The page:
Prime Minister Hun Sen has informed Myanmar leader General Min Aung Hlaing that as chair of ASEAN, he will continue to push the ruling State Administration Council (SAC) to adopt the ASEAN five-point consensus (5PC).
The premier affirmed that he would not cease his efforts to do so despite criticism from some people in Myanmar.
Speaking at the inauguration of an upgraded section of National Road 7 in Kratie province on February 7, Hun Sen acknowledged that he did not expect to completely resolve the Myanmar issue during his one-year chairmanship.
He said that criticism of his early January visit to meet with Min Aung Hlaing was misguided; his only motivation was to help the people escape from civil war. His goal was to extinguish the flames of war, knowing that the democratic process would follow, he said.
“Can you overthrow the current ruler in Naypyidaw? How many soldiers do you have to fight the half a million soldiers in Myanmar with? If you want to wage war, perhaps I should let you,” Hun Sen asked rhetorically.
“I have tried so hard! But I will not give up my efforts as chair of ASEAN this year. I will continue to call on the leaders of Myanmar to adopt the five-point consensus,” he said.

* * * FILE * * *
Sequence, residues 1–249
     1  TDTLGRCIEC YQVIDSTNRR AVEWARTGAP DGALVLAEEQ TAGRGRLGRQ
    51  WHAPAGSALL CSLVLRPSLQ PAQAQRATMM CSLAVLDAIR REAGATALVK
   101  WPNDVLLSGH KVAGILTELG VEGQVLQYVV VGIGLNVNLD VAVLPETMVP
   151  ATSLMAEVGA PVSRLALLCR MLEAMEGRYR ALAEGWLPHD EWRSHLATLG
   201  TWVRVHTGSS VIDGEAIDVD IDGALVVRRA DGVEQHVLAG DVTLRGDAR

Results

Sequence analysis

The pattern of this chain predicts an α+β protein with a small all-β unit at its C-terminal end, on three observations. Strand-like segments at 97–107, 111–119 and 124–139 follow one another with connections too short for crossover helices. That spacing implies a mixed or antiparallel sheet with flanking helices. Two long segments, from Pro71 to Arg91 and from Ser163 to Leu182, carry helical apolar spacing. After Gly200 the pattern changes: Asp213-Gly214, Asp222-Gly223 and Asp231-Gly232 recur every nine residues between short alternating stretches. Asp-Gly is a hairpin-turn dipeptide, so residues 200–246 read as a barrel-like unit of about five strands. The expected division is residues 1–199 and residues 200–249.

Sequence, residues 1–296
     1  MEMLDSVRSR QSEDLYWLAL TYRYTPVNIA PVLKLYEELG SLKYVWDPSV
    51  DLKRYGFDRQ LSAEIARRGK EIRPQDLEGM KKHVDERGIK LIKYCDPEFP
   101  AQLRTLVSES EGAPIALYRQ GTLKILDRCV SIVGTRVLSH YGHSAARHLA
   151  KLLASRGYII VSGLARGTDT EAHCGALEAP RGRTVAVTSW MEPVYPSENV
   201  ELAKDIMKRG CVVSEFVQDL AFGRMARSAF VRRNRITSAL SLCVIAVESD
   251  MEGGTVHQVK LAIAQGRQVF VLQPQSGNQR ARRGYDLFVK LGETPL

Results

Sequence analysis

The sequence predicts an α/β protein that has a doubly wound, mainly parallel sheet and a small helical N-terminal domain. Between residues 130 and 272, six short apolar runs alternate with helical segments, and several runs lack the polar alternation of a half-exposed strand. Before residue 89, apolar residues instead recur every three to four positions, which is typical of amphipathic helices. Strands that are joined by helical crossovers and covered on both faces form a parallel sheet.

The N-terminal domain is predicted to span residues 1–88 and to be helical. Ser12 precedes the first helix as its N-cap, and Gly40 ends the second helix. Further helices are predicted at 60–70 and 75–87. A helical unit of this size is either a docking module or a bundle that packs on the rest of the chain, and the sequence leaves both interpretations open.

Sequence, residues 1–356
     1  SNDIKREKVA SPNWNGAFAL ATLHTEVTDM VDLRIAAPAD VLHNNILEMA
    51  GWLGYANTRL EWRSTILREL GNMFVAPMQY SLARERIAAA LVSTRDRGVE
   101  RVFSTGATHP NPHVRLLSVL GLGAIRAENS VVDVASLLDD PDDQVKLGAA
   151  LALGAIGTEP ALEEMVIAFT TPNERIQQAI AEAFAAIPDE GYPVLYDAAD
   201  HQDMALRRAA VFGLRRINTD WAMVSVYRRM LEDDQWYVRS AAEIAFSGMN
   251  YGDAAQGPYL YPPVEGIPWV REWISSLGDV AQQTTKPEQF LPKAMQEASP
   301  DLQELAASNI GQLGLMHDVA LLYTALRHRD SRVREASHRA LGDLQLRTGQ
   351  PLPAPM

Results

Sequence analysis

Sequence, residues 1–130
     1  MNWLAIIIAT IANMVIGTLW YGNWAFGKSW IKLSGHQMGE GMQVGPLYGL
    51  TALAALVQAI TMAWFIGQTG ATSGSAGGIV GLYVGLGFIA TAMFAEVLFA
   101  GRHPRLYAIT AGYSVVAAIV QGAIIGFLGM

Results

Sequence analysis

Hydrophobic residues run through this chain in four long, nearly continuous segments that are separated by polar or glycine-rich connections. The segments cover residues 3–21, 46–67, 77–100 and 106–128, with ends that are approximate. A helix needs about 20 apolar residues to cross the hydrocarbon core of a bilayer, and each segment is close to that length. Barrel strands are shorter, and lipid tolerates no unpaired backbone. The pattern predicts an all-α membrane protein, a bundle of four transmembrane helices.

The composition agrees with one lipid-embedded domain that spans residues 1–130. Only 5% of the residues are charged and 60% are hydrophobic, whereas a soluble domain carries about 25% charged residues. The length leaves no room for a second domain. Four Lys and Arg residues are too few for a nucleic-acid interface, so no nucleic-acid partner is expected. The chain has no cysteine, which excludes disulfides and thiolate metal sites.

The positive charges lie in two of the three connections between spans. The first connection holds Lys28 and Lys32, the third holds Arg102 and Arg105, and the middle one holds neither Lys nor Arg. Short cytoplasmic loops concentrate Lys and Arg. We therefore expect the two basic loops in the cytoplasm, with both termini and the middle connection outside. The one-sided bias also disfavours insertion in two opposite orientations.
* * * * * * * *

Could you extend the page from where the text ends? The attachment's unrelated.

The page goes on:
While there had been criticism of his visit, the prime minister claimed that he had also received a lot of support for the visit as a viable way to avert violence.
“I want the prisoners to be released. I want the ceasefire [to be achieved]. I want humanitarian assistance to be delivered. I want conversation. Everything is possible with the five-point consensus,” he added.
Ro Vannak, co-founder of the Cambodian Institute for Democracy, told The Post on February 7 that the implementation of the five-point consensus was the right approach to the crisis in Myanmar because it was ASEAN’s common position.
“In doing so, Cambodia has been unfairly criticised by national and international pundits – and even some from within ASEAN – who allege that the Cambodia’s visit to meet with the military regime seemed to acknowledge the regime’s legitimacy,” he said.